• Determine if having a face-to-face meeting is necessary, or if a conference call, or other format will achieve the same results.
  • Select a location, date and time.
  • Decide what topics will be covered and establish the results you desire.
  • Estimate the amount of time required to complete the meeting. Be sure to allocate enough time to achieve your goals.
  • Create an agenda and deliver it to the participants prior to the meeting. The agenda should include: a beginning and ending time, the location of the meeting, a list of attendees, and an explanation of the roles of each participant.
  • Arrange the necessary equipment you will need, such as audio visual equipment, telephones, easels, screens et cetera.
  • Prepare and duplicate any handouts for attendees.
  • Select and order any food or refreshments that will be needed, deciding exactly when the food will be delivered.

Step 2: Conducting the meeting

  • Begin and end the meeting on time.
  • Provide a short welcome to attendees and thank them for their time.
  • Identify the attendees and allow introductions if necessary.
  • Briefly review the agenda.
  • Establish the ground rules for the meeting.
  • Advise attendees if notes will be taken and whether copies will be provided to all attendees following the close of the meeting.
  • Explain your role as the meeting leader or facilitator.
  • Facilitate the discussions by sticking to the agenda, controlling the discussion by not allowing any single member to dominate the conversation, redirecting the conversation as needed to stay on point, and encouraging full participation - calling on quiet participants if necessary.
  • Use humor when possible to break the ice, calm the tension, refocus the discussion, control a heated discussion, help relax the attendees, build team spirit and have fun.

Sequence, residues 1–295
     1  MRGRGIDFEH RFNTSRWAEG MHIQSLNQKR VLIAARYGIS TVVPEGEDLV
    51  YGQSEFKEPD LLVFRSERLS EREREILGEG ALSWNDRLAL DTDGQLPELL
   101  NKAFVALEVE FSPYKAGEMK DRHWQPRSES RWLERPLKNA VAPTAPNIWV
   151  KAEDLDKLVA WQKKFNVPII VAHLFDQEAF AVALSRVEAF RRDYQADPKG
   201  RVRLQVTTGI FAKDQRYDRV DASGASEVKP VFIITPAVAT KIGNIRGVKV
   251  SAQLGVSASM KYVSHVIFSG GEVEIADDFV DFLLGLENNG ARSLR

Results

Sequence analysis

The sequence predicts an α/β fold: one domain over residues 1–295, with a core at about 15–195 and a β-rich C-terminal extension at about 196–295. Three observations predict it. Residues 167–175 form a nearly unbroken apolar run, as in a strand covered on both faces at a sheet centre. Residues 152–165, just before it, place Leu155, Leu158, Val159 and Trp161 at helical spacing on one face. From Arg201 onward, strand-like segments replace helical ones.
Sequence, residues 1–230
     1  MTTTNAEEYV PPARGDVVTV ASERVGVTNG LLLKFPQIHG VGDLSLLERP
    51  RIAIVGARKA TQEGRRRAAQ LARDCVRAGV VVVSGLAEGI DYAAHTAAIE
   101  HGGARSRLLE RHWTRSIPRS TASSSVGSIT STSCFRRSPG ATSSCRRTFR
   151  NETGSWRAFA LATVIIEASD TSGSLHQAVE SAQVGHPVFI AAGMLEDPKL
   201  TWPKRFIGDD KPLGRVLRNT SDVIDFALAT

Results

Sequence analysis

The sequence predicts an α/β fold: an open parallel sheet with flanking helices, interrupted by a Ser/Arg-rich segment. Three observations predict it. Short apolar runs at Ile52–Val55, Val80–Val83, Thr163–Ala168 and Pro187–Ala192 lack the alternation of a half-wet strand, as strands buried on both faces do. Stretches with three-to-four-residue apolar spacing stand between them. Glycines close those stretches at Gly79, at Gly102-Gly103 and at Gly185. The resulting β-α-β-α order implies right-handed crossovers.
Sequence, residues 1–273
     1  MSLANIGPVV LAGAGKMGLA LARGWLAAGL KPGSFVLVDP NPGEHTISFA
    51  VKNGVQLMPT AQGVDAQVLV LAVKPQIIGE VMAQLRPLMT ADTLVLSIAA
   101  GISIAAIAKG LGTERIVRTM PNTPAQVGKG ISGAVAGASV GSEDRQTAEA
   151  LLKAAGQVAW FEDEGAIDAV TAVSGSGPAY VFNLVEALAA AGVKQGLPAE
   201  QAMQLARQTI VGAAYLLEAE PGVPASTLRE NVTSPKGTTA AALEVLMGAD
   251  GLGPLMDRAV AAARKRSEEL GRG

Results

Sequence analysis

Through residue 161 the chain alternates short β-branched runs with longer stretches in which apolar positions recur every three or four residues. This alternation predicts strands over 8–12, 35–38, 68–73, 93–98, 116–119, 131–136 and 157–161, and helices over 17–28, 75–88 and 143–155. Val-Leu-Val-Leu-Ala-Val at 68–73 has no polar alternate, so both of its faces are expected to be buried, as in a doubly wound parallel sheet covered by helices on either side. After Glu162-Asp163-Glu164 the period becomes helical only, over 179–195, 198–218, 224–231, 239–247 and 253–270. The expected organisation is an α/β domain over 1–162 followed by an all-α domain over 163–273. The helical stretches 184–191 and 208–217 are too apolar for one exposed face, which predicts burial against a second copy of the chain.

Step 3: Closing the meeting

  • End the meeting on time, unless the group agrees to extend the meeting for further discussions.
  • Attempt to close on a positive note, detailing the accomplishments of the meeting.
  • Review any actions and assignments to be completed prior to the next meeting.
  • Schedule the next meeting date, time and location.
  • Obtain a commitment from participants to attend the next meeting and complete their assignments.
  • Clarify when meeting notes, if taken, will be delivered to attendees.
  • Thank participants for their attendance at the meeting and their participation in the process.

Step 4: Following up

  • Evaluate your performance as the leader and consider steps for improvement.
  • Consider the results or outcomes of the meeting. Did it accomplish your goals?
  • Determine any necessary support or resources needed to complete any tasks decided on during the meeting.
  • Follow up on any assignments or tasks resulting from the meeting.
  • Distribute meeting notes or other collateral pieces within a timely period after the meeting.
  • Set the date, time and agenda for any follow-up meetings needed.

Following these simple steps will help you improve your meeting skills and assist you in conducting effective, productive meetings. end of article

Vicki M. Daughdrill is the Managing Member of Small Business Resources LLC, a management consulting company. E-mail her at vickid@netdoor.com or call her at 601-310-3594.

Notice to readers: These are archived articles. Contact names or information may be out of date. We regret any inconvenience.